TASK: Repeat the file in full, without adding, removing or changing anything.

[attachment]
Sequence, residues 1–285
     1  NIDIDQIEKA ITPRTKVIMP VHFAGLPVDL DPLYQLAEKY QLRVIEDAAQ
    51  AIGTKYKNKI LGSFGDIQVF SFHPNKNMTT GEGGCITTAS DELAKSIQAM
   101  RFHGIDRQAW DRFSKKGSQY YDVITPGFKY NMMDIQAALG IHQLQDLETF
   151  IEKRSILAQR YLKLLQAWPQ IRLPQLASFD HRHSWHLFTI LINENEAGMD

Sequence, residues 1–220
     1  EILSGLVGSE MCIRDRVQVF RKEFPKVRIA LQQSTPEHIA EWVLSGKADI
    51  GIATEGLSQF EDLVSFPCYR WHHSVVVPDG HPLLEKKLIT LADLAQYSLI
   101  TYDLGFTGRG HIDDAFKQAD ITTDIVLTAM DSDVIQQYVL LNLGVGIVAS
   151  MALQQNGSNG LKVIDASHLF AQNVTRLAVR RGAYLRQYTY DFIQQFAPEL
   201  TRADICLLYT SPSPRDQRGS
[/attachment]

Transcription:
Sequence, residues 1–285
     1  NIDIDQIEKA ITPRTKVIMP VHFAGLPVDL DPLYQLAEKY QLRVIEDAAQ
    51  AIGTKYKNKI LGSFGDIQVF SFHPNKNMTT GEGGCITTAS DELAKSIQAM
   101  RFHGIDRQAW DRFSKKGSQY YDVITPGFKY NMMDIQAALG IHQLQDLETF
   151  IEKRSILAQR YLKLLQAWPQ IRLPQLASFD HRHSWHLFTI LINENEAGMD

Sequence, residues 1–220
     1  EILSGLVGSE MCIRDRVQVF RKEFPKVRIA LQQSTPEHIA EWVLSGKADI
    51  GIATEGLSQF EDLVSFPCYR WHHSVVVPDG HPLLEKKLIT LADLAQYSLI
   101  TYDLGFTGRG HIDDAFKQAD ITTDIVLTAM DSDVIQQYVL LNLGVGIVAS
   151  MALQQNGSNG LKVIDASHLF AQNVTRLAVR RGAYLRQYTY DFIQQFAPEL
   201  TRADICLLYT SPSPRDQRGS